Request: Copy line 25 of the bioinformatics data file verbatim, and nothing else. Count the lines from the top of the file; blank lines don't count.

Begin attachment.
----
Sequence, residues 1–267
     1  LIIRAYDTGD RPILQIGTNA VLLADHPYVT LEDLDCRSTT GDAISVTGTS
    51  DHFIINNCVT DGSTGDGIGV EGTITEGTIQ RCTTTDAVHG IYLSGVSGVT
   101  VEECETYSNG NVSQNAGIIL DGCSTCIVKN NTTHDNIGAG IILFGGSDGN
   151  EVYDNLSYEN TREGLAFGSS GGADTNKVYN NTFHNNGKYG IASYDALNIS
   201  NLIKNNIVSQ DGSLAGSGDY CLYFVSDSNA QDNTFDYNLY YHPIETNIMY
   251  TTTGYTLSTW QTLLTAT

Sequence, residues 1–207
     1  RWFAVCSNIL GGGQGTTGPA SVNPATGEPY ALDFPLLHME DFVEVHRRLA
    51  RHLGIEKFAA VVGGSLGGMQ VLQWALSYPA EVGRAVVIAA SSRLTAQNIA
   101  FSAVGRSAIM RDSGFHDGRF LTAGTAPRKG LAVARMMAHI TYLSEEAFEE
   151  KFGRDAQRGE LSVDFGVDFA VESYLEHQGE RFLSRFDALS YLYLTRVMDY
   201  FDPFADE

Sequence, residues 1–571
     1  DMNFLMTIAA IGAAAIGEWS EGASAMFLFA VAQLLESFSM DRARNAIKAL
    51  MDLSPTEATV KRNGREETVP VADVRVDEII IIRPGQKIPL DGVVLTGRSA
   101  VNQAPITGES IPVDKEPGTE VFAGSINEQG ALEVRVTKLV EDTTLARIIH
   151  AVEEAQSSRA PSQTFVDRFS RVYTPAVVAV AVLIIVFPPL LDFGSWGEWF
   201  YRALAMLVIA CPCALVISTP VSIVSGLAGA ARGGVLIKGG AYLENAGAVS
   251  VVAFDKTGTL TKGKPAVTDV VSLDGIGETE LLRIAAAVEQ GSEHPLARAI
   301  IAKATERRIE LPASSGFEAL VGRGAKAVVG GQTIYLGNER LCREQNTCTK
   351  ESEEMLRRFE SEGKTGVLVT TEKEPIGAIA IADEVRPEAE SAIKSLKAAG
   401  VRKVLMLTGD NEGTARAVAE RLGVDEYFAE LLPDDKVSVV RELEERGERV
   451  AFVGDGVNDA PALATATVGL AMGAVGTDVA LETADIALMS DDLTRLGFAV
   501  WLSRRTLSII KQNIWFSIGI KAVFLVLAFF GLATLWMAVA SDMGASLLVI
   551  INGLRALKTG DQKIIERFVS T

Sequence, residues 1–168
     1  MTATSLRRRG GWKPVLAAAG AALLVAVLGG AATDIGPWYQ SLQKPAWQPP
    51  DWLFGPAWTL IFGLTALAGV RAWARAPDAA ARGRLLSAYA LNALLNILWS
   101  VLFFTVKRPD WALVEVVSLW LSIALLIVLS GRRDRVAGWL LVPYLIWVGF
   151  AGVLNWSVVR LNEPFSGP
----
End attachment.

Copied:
   501  WLSRRTLSII KQNIWFSIGI KAVFLVLAFF GLATLWMAVA SDMGASLLVI